Photo credit: Experimenta 2020

The Event:

With the grant from Mobility First!, the first version of Dhvāni was exhibited at the prestigious EXPERIMENTA Arts & Sciences Biennale, Atelier Arts Sciences, Grenoble, 10 - 16 February 2020, in an advanced prototype. The venue was a large auditorium Minatec in Grenoble as part of the excellent and prestigious EXPERIMENTA Arts & Sciences Biennale, Grenoble, along with many other award-winning artworks. The exhibition was installed in an interconnected structure for audiences to interact with the bells, activating each or a number of bells in a playful way.


The Response:

At the Biennale, the audience response was immense, and through words of mouth, there was constant flow of visitors all day long making the exhibition a success. The interaction with the audience was enriching and by explaining the work to the general public, one could sharpen the contextualisation of the work within the current canon of technology-based media art. The eager participation of the audience enlivened the exhibition as the system reacted to audience presence in an impromptu composition.



  1. Attending EXPERIMENTA Arts & Sciences Biennale and working on this exhibition helped to test the system and clarify the methodology for the fuller versions of the project in the upcoming confirmed festivals.
  1. There were other artworks working with Artificial Intelligence and Machine Learning; experiencing those work was immensely helpful not only to learn about the possibilities but also being part of a transglobal network. Participants were able to explore the possibility of human agency in the contemporary state of automation, advocating for dialogue and reciprocity between humans and machines towards an augmented intelligence.
  1. The interaction with the fellow artists attending the seminars were deeply fruitful for knowledge exchanges and future collaborations, particularly in the field of media arts.
  1. The event was attended by researchers and members of the Atelier Arts Sciences Grenoble, the organisers of the Biennale, and other artists from around the world and their collaborators – the scientists. Visiting the nearby École nationale supérieure d'architecture de Grenoble at the research center CRESSON and meeting the researchers working with sound and urban space were great opportunities to cement future collaborations.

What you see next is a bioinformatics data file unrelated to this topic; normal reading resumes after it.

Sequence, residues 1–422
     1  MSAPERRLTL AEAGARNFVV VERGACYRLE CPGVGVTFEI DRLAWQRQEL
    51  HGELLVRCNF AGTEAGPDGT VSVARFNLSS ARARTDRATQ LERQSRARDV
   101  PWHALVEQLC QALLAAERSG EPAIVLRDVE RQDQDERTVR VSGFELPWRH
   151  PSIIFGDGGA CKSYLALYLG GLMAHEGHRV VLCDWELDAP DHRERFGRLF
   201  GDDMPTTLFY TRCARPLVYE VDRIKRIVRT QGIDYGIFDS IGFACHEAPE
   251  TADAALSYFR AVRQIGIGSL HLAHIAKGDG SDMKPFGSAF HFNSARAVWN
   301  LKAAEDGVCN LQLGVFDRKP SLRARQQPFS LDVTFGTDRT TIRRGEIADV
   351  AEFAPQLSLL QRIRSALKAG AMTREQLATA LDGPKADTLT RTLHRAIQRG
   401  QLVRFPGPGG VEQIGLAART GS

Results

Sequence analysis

1. The old city of Grenoble offers many new learnings,  experiencing the local culture,  the local drink, the world famous Chartreuse, made by the monks in the local monastery.

About the author:

Budhaditya Chattopadhyay is an Indian-born contemporary artist, researcher, and writer. Incorporating diverse media, such as sound, text and moving image, Chattopadhyay produces works for large-scale installation and live performance addressing urgent issues such as the climate crisis, human intervention in the environment and ecology, migration, race, and decolonization. Chattopadhyay holds a Ph.D. in Artistic Research and Sound Studies from Leiden University, The Netherlands, an MA in New Media from Aarhus University, Denmark, and a PG Diploma in Cinema from SRFTI, Kolkata. He is a Charles Wallace scholar, Prince Claus grantee and Falling Walls fellow. He has received several international awards.

About Mobility First!:

Mobility First! - ASEF Cultural Mobility Initiative is the Asia-Europe Foundation (ASEF)'s travel grant that supports the international travel for artists and cultural professionals in Asia-Europe and Intra-Asia contexts. It was first launched in 2017 in celebration of our 20th anniversary and builds on our continued support to cultural mobility. 2020 marks the 4th year of Mobility First!